It isn’t often that films deal with older people, but 45 Years is a great example of how a story about the accumulation of time between a couple forges a bond but also has room for secrets. It also will make great arguments/discussions for the car ride home.
45 Years begins with classic English countryside porn. The Mercers, Tom Courtenay and Charlotte Rampling, are retired and live near a village and have a dog and read books. In one week they will celebrate their 45th anniversary. What could be better? A letter arrives in the post, though, that changes everything.
It seems that Courtenay had a girlfriend before Rampling, who died in a mountaineering accident in Switzerland over 50 years ago. She was never found, until now, preserved in ice. This shakes up Courtenay. Rampling knew about her, but is unnerved as she finds herself becoming jealous of a woman that has been dead for over half a century.
The script, written by director Andrew Haigh, is extremely subtle. There are no huge scenes, no broken crockery. But Rampling slowly realizes she didn’t fully know the man she’s been married to for so long. She makes a mistake by snooping around in the attic and finding something else about her husband’s old girlfriend, and makes another mistake by asking him whether he would have married her. He says yes a bit too quickly and authoritatively. Be careful about asking questions you don’t know the answer to.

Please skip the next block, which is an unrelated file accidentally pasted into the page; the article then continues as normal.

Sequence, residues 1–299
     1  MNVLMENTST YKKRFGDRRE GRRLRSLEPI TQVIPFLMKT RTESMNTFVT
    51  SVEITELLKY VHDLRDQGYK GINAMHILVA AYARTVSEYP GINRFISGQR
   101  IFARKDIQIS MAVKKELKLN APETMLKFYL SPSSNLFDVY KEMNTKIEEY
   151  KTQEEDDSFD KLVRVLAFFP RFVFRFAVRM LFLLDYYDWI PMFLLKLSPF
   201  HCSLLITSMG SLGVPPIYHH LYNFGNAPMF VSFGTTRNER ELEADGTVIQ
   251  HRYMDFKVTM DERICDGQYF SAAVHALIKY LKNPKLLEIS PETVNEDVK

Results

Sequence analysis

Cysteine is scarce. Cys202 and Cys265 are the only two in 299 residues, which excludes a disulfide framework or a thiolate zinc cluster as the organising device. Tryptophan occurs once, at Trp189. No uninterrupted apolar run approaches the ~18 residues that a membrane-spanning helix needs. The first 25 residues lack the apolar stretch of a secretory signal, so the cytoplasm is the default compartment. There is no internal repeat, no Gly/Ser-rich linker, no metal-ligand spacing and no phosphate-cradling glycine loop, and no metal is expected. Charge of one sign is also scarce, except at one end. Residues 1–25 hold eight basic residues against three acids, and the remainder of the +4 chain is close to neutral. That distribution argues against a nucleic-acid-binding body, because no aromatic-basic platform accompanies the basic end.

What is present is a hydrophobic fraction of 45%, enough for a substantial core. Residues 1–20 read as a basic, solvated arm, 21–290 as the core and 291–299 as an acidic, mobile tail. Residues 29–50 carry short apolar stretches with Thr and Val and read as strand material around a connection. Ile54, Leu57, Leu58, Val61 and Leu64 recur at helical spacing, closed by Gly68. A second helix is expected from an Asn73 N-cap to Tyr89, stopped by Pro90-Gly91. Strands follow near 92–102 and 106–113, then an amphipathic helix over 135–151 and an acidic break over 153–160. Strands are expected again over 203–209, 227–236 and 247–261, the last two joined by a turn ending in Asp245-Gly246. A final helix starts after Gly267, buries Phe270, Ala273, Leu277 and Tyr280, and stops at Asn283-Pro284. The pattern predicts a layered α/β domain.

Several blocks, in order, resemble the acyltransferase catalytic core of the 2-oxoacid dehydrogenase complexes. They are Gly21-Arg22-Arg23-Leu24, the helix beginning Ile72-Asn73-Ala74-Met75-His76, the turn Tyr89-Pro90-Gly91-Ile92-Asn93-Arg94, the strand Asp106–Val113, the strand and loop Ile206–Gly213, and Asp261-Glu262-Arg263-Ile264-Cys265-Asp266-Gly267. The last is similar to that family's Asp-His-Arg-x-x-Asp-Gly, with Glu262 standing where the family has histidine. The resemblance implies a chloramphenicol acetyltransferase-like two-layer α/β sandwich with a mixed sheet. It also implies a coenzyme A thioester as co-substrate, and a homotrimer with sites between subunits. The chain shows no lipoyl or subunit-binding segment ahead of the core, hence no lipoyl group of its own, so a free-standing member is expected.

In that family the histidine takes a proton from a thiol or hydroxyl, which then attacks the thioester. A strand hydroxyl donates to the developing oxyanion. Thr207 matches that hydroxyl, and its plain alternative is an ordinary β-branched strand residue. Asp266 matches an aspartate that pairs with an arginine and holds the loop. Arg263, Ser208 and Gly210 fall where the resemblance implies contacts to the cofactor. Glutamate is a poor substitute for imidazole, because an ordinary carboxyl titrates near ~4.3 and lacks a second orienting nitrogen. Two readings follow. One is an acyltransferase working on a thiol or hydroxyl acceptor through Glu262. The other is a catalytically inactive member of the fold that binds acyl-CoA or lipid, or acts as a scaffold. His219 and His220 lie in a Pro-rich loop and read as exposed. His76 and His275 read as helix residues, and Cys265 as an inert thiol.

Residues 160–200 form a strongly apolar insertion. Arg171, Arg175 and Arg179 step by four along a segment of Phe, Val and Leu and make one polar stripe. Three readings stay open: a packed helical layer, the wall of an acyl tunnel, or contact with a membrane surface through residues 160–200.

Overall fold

The acting is exquisite. Courtenay plays a man that has been slowed down by illness, and who is forcibly thrust back into his past. He is still in love with his old flame, and it’s interesting that the woman has been preserved. “She looks like she did in1962, while I look like this,” he says. Rampling, for her part, understands that she can’t hold him responsible for events that happened before they even knew each other, but in her lovely lined face we see the effects of the past make their impact.
45 Years is a terrific film, one of great insight and feeling. Rampling well deserves her Oscar nomination (she has made many films, but this is her first. I have always admired her performance in Woody Allen’s Stardust Memories) and should have had more, especially the screenplay.